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WHY ARE POLICE CALLED COPS?

No-one knows for sure. Some think that the term came from the copper buttons on the uniforms of the first police force in London, or from the copper badges carried by New York's first police sergeants (patrolmen are said to have had brass badges and senior officers silver). Others believe that COP is an acronym for Constable On Patrol. But most word experts poo-pooh those suggestions.

The Phurba Etymologicon [*1] an authority on "non-standard English and uncommon words," says cop can mean (a) steal, obtain, (b) police officer, or (c) to have sex with (as a contraction of copulate), and adds: "There is a high probability that the word copper is simply a noun form of cop, derived from the meaning capture as in the Latin capere. By this etymology, we derive cop as one who captures." In other words, a cop or copper is one who catches a criminal.

By a weird coincidence, you can even buy a phurba made of copper. Phurbas are meditation tools resembling daggers, which originated from Tibetan tent stakes. You can see a picture of a copper phurba on the Internet [*2].

The Merriam-Webster New Book of Word Histories says: "Around the year 1700, the slang verb cop entered English usage, meaning 'to get ahold of, catch, capture.' By 1844, cop showed up in print, and soon thereafter the -er suffix was added, and a policeman became a copper, one who cops or catches and arrests criminals. Copper first appeared in print in 1846, the use of cop as a short form copper occured in 1859."

How police became known as coppers has even copped attention from New York comic artist Josh Neufeld and his wife, author Sari Wilson. [*4] "My wife and I collaborated on that strip," Josh told us by e-mail. "She did the interviews with our friends and I drew the comic. (That's us in the last panel)."

BADGES MADE FROM  COPPER

New York's early coppers weren't the only Americans to wear copper badges. According to the Atlanta History Center's website [*3]:  "In the early 1800s, Charleston and other Southern cities required every slave artisan to wear one of these copper badges as a means of distinguishing between free and enslaved workers. A slave-holding master frequently hired out his slave laborers to merchants, artisans, or businesses in the city. The master received the wages. By 1860, approximately four million African-Americans were held as slaves in 15 of the United States's 33 states."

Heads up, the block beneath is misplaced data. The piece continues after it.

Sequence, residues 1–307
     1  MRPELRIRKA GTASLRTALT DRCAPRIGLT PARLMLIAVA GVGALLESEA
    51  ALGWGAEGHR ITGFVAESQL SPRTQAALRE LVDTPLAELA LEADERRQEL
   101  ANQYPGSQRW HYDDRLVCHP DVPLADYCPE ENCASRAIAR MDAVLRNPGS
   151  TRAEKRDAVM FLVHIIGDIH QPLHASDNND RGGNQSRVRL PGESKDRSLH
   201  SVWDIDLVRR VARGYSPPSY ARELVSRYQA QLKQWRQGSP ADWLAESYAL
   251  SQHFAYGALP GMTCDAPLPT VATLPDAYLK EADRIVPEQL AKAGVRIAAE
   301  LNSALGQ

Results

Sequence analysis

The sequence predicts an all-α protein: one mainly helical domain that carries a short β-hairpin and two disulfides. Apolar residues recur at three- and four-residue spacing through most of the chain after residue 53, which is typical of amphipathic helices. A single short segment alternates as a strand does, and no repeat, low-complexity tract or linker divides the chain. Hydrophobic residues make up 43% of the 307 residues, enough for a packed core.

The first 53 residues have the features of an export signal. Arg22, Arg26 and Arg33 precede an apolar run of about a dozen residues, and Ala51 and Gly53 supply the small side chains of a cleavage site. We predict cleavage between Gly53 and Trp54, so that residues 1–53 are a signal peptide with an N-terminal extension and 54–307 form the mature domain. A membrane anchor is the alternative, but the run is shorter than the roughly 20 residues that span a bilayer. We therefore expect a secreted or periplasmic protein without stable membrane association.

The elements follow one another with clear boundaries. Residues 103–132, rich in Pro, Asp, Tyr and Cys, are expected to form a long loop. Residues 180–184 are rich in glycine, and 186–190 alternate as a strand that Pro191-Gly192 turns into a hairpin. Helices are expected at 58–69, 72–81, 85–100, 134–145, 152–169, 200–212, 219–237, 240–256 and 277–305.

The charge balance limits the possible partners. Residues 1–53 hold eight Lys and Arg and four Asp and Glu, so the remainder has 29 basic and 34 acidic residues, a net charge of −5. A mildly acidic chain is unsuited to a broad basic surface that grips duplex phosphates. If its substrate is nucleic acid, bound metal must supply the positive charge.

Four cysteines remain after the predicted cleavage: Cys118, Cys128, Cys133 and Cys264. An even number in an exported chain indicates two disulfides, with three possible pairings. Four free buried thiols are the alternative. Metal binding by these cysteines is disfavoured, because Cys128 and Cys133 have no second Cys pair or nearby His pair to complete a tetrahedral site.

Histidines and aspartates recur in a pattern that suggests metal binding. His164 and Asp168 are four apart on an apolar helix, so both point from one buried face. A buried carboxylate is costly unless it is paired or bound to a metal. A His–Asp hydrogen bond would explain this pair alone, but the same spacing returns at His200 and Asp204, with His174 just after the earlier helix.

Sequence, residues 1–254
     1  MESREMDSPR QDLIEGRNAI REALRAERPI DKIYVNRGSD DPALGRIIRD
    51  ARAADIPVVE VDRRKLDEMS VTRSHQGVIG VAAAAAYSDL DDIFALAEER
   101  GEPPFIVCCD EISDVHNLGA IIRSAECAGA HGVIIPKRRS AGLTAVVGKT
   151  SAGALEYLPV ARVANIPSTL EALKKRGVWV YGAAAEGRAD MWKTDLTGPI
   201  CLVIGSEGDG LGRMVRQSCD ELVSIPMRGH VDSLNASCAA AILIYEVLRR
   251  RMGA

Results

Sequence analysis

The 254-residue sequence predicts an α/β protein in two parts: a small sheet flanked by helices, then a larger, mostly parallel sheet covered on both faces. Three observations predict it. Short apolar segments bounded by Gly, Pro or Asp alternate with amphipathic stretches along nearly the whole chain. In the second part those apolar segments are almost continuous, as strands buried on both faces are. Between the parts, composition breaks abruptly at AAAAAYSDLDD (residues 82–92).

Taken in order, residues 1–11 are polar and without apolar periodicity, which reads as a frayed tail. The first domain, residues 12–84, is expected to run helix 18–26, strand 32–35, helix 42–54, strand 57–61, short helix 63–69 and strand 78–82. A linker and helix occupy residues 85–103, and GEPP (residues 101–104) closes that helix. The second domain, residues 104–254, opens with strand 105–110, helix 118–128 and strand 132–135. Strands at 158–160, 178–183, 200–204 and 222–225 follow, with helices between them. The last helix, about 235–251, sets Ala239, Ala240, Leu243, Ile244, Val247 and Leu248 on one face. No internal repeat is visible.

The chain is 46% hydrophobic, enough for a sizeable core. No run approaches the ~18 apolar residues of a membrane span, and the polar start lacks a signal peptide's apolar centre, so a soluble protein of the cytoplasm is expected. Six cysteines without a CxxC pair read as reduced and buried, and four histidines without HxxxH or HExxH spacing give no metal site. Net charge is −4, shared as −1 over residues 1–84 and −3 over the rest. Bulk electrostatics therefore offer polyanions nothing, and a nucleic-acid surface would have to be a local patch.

In Australia in the 1820s the early colonists presented breast "king plates", usually made of brass or bronze (both containing copper) to Aboriginal people considered leaders in their groups [*5]. Similar plates were also presented to Aboriginal people who had performed courageous deeds, and to faithful servants.

The story of copper, the mineral, is shown in a brilliant animation which won a recent award as Chile's best website. It's artistic, entertaining, and (if you understand Spanish) informative.  Well worth a visit. Just click on COPPER.

 

* Sources
  1. Phurba Etymologicon  http://www.panikon.com/phurba/alteng/
  2. Copper Phurba  http://www.jewelheartstore.com/product538.html
  3. Atlanta History Center  http://prometheus.cc.emory.edu/TurningPoint/pages/6.3.htm
  4. Comic  http://joshn.home.mindspring.com/images/comix.cops.gif
  5. Australian King Plates  http://www.slq.qld.gov.au/jol/qab100yr/kingplate.htm

 

Copyright 2002
Eric Shackle
Story first posted July 2002

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